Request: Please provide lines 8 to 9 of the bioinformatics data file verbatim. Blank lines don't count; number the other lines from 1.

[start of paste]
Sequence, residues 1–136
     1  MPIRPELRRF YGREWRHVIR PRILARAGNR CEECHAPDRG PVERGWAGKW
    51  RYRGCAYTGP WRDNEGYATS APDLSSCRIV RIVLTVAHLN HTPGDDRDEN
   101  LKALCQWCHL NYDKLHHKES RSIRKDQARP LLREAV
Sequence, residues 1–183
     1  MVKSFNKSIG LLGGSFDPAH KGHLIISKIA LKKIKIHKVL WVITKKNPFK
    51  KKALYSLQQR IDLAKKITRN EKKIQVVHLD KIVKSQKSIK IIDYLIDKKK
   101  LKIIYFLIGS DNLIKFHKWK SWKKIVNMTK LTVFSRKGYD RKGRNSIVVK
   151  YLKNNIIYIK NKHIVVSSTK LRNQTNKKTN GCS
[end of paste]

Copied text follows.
   101  LKIIYFLIGS DNLIKFHKWK SWKKIVNMTK LTVFSRKGYD RKGRNSIVVK
   151  YLKNNIIYIK NKHIVVSSTK LRNQTNKKTN GCS